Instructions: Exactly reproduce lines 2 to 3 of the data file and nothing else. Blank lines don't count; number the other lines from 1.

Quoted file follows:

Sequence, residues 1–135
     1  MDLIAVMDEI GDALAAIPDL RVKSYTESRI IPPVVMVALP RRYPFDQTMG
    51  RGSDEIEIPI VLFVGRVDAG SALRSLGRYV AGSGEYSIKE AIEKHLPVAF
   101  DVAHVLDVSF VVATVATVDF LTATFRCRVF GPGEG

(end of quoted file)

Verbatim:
     1  MDLIAVMDEI GDALAAIPDL RVKSYTESRI IPPVVMVALP RRYPFDQTMG
    51  RGSDEIEIPI VLFVGRVDAG SALRSLGRYV AGSGEYSIKE AIEKHLPVAF